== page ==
Older homes are always a popular choice in the housing market. Not only are they often cheaper than newer builds, but they have much of the charm and personality that new houses lack. But, buying an older house comes with a few considerations. Because of the date in which it was constructed, there could be a few issues in the house that happen with age. To avoid any major problems down the line, there are a few home aspects that should be double-checked to save money, stress, and a lot of headaches.
The foundation of a house refers to the platform on which the rest of the structure is built upon. A sturdy and well-constructed foundation is crucial to avoid any collapses that are both costly and dangerous. The foundations of older homes are susceptible to vulnerabilities because of their age. Chances are these platforms have been stressed and weathered over time. Consider hiring a professional company with tools like GPR scanning to ensure that the foundation still has the proper structural integrity. GPR scanning, also known as ground-penetrating radar, is used to ensure that a concrete foundation or structure is free of any major cracks or weaknesses that could potentially lead to serious damage.
Roofing, much like the foundation, is a crucial component of a safe and stable house. The older the roof on a home is, the more weathering events it has endured. While well-built roofs can withstand a good amount of stress, over time they become weaker and weaker. Older roofs are susceptible to leaking, poor insulation, and material deterioration. These vulnerabilities can cause a variety of problems, including inconsistent indoor temperatures, falling debris from the ceiling, and expensive water damage. Consider hiring a professional roofer to inspect your roof prior to moving in. Rebuilding or restructuring your roof sooner than later can help you avoid serious and irreparable damages.
The electrical system of a house is one of the most often used in day-to-day processes. Whether it’s lights, appliances, air conditioning, or even smaller-scale uses like phone charging, this system is constantly exerting energy. The older an electrical system gets, the more likely you are to encounter issues. One of the most common issues in an older home’s electrical system may not be equipped to handle modern amounts of electricity. Over time, we have started to use more and more electricity in our homes. We have more appliances, more media systems, and more chargers than ever before. While modern houses have electrical systems built to supply such large amounts of electricity, older homes don’t share that same privilege. It would be wise to check out your older home’s electrical system to ensure that it is safe to use with your level of usage. If it isn’t, it is best to replace it to avoid serious danger.
Plumbing systems often face the same issues as electrical systems. Older homes and their older plumbing systems struggle to keep up with modern water demands. Like electricity, we use more water now than we did in the past, thus older pipes have a hard time holding up against overuse. As a rule of thumb, plumbing systems should be replaced or at least thoroughly inspected every 30 years. Common signs of weak pipes are loud noises coming from your plumbing system when you turn the water on, constantly leaking faucets, showers, or toilets, and signs of water damage on ceilings and walls near where a pipe runs through. To avoid a major leak or burst pipe, consider having a professional plumber come in and examine your home’s plumbing system.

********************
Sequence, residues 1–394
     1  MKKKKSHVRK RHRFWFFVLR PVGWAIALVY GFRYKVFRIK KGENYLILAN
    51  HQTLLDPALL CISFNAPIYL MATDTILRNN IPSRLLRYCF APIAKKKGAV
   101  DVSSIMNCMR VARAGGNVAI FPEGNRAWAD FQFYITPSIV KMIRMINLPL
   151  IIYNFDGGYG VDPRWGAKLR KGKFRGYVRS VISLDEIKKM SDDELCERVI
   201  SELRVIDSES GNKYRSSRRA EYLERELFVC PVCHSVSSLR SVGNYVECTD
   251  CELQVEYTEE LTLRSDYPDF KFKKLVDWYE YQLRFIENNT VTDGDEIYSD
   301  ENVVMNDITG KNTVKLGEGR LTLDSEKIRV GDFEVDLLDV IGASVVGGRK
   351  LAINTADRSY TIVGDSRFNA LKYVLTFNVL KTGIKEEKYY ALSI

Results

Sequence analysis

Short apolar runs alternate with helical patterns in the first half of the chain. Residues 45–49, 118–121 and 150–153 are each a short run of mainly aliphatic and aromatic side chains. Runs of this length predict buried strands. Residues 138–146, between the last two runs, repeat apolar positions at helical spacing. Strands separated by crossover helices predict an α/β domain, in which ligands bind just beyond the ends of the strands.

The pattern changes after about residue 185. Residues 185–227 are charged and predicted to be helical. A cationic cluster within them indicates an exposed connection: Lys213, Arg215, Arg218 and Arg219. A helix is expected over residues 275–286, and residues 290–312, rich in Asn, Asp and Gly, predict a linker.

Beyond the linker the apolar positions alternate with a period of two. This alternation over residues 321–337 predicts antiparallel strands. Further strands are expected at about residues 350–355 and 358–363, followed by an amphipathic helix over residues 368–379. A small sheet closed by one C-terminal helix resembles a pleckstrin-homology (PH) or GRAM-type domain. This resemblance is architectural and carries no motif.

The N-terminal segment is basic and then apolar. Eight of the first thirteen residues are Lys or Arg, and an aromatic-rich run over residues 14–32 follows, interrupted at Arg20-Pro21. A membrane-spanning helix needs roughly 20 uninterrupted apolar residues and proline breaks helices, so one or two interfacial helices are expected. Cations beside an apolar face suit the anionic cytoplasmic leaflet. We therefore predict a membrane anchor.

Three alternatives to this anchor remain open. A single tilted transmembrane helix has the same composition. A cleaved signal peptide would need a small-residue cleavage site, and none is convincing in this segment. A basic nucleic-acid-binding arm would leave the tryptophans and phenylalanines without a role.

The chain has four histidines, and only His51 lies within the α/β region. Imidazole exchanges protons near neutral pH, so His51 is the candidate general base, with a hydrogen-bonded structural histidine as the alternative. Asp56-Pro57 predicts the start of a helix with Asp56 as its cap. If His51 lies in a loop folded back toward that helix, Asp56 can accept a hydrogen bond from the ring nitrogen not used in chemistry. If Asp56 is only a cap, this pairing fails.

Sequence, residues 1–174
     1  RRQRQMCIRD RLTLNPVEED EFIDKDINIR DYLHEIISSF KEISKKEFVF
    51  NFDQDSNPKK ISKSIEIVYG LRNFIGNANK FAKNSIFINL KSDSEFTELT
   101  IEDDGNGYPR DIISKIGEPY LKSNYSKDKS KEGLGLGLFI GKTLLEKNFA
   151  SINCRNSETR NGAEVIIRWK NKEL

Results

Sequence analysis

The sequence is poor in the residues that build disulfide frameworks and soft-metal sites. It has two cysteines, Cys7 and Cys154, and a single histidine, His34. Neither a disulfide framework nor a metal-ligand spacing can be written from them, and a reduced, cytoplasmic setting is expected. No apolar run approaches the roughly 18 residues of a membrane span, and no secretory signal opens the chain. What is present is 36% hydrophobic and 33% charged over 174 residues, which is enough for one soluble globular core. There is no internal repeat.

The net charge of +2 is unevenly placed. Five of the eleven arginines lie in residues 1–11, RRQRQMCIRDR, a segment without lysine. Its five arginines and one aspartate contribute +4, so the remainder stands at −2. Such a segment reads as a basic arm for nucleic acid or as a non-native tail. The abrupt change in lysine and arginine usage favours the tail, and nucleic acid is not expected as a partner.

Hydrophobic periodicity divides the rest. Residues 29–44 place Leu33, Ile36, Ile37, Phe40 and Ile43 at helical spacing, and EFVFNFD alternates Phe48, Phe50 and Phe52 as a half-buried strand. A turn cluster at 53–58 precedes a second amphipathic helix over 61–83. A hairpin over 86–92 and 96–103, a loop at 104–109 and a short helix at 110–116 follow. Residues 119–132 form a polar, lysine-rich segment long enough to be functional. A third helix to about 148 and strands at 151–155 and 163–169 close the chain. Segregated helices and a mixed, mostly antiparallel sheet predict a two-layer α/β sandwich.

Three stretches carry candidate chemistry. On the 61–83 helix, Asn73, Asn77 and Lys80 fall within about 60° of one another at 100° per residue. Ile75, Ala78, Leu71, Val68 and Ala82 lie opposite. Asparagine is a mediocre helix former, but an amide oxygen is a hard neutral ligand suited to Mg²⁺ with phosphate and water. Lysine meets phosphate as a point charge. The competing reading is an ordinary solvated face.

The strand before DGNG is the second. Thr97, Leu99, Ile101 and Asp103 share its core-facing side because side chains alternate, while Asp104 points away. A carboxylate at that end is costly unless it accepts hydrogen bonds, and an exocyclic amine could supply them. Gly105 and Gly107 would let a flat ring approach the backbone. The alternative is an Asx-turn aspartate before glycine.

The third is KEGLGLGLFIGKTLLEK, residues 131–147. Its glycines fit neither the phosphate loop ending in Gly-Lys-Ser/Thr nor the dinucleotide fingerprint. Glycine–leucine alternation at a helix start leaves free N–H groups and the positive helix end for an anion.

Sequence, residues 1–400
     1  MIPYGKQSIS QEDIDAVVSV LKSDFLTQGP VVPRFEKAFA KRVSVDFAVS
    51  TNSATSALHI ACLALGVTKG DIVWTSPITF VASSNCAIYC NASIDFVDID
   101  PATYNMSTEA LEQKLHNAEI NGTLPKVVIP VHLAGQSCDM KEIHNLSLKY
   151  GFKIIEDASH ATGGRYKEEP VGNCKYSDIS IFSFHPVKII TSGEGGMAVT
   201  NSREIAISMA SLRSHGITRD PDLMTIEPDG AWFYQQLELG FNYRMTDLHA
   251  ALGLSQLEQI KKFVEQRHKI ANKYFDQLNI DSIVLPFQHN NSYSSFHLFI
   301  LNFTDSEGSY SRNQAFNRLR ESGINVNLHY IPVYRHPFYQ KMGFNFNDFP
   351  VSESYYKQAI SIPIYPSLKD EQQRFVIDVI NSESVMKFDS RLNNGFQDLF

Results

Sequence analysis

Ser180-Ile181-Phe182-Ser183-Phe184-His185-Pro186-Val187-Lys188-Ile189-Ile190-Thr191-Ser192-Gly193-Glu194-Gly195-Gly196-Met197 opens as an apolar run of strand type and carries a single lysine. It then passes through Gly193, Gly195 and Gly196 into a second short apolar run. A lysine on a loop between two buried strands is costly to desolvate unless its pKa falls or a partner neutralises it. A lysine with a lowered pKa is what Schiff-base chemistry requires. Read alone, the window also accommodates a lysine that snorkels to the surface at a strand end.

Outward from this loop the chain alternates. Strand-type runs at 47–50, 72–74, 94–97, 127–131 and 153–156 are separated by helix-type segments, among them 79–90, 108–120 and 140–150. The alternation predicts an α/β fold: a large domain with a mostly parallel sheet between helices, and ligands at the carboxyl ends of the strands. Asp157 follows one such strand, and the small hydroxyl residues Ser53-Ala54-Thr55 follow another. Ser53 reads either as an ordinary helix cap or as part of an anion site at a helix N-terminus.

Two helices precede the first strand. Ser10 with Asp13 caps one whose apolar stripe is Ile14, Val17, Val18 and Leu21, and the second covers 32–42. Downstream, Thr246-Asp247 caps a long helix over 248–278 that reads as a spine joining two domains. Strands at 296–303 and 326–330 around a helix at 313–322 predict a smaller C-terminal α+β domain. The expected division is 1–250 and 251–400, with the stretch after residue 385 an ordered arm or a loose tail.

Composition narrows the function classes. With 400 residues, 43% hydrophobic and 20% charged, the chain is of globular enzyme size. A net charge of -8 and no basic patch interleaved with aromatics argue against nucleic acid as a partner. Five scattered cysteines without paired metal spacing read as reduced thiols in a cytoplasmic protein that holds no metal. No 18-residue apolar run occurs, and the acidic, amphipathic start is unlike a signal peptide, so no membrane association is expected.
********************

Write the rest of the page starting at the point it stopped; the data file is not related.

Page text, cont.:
Hazardous Building Materials
Over time, building codes have changed to reflect emerging safety concerns in regards to certain materials. Two of the most common hazardous materials that have now been deemed a safety concern are lead paint and asbestos. Lead paint and asbestos have been linked to certain cancers and are suspected to cause a variety of health problems. Hiring a qualified testing company can help you identify if any of these major health hazards are present in your home. Often the solution is to remove any presence of materials until the inspections come back clean. It is also important to run these inspections prior to any renovations. Disturbing the material in an uncontrolled manner and environment can cause it to release its toxins and harm any person in the vicinity.
The Bottom Line
Buying an older home is an excellent investment. These houses often have historical value and architecture that is difficult to find and replicate in modern builds. This being said, like all things there are potential problems to consider. Before moving in or making any serious renovations, it is best to call in an inspection surface to go over areas of concern or vulnerability. The foundation, roof, plumbing system, and electrical system are excellent places to start. Not only do these inspections save you money down the road, but they can prevent any serious danger or damage that occurs as a result.